Get it right the first time Featured

8:00pm EDT March 26, 2007
The “temporary help” industry has grown up. From its origins in clerical and light industrial, the business has expanded to almost every professional position. Unfortunately, the process of identifying and hiring the right temporary professionals into these positions has not grown up quite as fast.

“People can get a whole lot better at hiring temporary staff,” says Joel Adams, CEO and founder of Devon Consulting. “Neither the clerical temp model nor the permanent professional model is optimal for professional contract assignments.”

Smart Business spoke to Adams about the mistakes buyers make and how the right process can mean the difference between hiring the right person for the project or making a very expensive mistake.

What are some of the mistakes companies make when looking to bring on temporary professionals?

Looking for the wrong things — Some customers get so focused on measuring the agency, they forget to notice how the temporary professional actually performs. Sometimes agencies are measured on how many résumés are submitted and how fast, but not on how many people were placed or how many of them completed their assignments. Value should be measured by the performance of the worker. That isn’t always easy but it is a far more relevant measure.

Cutting off communications — Too many companies set up processes that eliminate direct communication between the hiring manager and the recruiter at the agency. All job orders being sent to agencies and all résumés going to the manager are required to go through one central point. This can quickly become a bottleneck, but that is not the biggest problem. The subtleties of the job requirements and the particular strengths and weaknesses of the candidates do not get conveyed. The dialogue is lost. Mistakes multiply and suboptimal solutions become the norm.

Relying on the paperwork — People are not paper and cannot be adequately represented by a resume. And jobs are far more multi-dimensional than any job description can capture. Senior recruiters are valuable resources because of their years of experience in understanding the subtleties of candidates, jobs and work environments.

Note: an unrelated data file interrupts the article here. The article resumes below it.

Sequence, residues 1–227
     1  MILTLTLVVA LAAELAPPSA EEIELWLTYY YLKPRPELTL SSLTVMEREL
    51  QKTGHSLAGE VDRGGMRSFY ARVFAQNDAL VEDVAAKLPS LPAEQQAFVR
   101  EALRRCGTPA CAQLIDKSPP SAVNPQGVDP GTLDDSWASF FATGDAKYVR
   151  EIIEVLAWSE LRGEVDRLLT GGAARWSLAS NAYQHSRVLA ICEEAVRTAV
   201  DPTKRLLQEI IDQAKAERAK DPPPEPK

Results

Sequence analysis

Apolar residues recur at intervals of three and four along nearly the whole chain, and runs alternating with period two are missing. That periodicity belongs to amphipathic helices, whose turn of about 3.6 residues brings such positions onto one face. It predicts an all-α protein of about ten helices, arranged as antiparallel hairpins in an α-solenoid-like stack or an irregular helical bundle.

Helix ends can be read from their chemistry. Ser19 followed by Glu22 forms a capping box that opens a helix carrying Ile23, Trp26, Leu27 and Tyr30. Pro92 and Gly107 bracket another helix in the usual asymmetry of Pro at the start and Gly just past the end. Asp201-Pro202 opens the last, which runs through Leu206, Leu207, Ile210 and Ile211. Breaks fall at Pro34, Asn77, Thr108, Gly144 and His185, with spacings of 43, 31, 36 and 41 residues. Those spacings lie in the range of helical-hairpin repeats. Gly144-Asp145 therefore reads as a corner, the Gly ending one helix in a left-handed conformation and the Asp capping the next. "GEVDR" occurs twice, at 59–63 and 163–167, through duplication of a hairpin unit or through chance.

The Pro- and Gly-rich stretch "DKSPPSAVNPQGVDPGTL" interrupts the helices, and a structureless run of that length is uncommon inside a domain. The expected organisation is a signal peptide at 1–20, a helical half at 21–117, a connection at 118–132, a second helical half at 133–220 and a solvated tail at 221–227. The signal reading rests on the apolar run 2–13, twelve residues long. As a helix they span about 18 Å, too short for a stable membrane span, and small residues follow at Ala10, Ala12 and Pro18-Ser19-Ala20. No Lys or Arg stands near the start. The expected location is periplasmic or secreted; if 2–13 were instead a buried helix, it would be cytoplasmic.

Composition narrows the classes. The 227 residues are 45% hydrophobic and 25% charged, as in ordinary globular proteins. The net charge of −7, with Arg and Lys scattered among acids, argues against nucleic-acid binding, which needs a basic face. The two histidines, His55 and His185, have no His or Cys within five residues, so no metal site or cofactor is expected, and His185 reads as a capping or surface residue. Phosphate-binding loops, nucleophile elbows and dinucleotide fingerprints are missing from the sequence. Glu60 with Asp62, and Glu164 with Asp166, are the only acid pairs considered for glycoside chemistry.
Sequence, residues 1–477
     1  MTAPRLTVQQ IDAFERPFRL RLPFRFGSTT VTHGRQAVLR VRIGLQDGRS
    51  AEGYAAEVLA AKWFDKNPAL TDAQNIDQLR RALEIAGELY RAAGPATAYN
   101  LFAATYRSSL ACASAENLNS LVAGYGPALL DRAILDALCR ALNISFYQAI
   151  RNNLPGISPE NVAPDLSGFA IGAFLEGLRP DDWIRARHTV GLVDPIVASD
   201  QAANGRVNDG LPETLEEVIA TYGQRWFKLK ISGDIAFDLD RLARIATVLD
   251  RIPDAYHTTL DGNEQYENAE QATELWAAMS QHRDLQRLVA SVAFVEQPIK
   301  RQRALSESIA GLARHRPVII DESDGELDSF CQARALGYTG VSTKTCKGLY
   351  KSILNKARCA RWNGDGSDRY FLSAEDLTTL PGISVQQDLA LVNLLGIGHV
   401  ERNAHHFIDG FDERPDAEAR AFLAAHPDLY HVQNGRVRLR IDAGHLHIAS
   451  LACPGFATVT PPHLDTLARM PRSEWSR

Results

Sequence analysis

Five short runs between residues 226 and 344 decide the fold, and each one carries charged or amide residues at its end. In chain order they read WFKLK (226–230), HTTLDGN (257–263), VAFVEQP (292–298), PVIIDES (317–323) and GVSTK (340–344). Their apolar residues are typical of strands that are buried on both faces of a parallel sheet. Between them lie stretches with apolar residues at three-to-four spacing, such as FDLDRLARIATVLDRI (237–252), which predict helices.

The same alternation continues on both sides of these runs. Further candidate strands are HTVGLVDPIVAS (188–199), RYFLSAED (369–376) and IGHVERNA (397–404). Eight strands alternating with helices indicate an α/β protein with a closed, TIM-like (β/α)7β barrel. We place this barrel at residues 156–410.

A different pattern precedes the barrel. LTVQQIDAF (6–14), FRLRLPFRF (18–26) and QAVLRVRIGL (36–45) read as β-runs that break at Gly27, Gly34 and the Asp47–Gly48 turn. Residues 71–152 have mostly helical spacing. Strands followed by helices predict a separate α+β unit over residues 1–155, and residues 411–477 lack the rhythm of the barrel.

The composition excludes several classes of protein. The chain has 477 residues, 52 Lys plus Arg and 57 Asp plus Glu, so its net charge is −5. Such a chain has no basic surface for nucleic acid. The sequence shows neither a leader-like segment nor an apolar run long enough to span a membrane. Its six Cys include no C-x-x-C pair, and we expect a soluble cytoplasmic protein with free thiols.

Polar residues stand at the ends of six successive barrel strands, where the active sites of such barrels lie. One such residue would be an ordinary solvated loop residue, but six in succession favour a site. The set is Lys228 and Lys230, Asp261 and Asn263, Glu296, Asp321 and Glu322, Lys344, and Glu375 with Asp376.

Putting the wrong people in charge — I frequently see processes being developed and implemented by individuals who have no hiring experience. People are not widgets and professional staff is not the same as clerical. It takes hiring experience to do it right.

Ignoring relationships — People want to buy from people they like and trust. And they particularly want to do business with people who have previously performed well in similar transactions. Setting up a process that eliminates previous good suppliers or stripping agency identification from the candidate, takes valuable choices and information away from the decision maker.

Ignoring the real costs — I have heard clients say that they have solved the price or rate problem by locking the vendor into long-term contracts with guaranteed rates. But if you hire an engineer who is not quite right for the job, it could take months to discover this. And by that time, a company may have so much invested in the worker that it is very difficult to replace him with someone else. The total cost of that contract worker will be higher either in terms of the time it will take to complete the job or in the quality of the work.

Too many agencies — If a new temporary position is given to 10 agencies, each agency thinks that if it does a great job finding a candidate, it will still only have a 10 percent chance of making the placement. Hence, each agency will take a quick look through its files, submit a resume and move on to an order that has a higher probability of generating income. This puts the burden of sifting through résumés on the client and the best candidate may not have even been submitted.

Not enough agencies — Around the turn of the millennium, many companies were seduced into selecting a ‘prime vendor’ or ‘vendor on premises’ for all of their temporaries. But Milton Friedman was right: free markets work and monopolies don’t. Over time, when one side has a monopoly, costs go up and quality will go down. Some companies are now ejecting or losing 40 percent of their professional temps before their assignments are completed.

What can companies do to set up a good process?

Once you identify a need for supplemental professional staff, insist on more communication between the agency and the hiring manager, not less. Take advantage of existing experiences and relationships by giving exclusives to your best suppliers. Take advantage of the free market by dealing with more than one supplier. Rate the actual value received. It may require a subjective measure of the individual’s performance, but it is still the most relevant measure. Then give out more or less work to your preferred suppliers based on their actual performance.

JOEL ADAMS is CEO and founder of Devon Consulting. Reach him at (610) 964-5703 or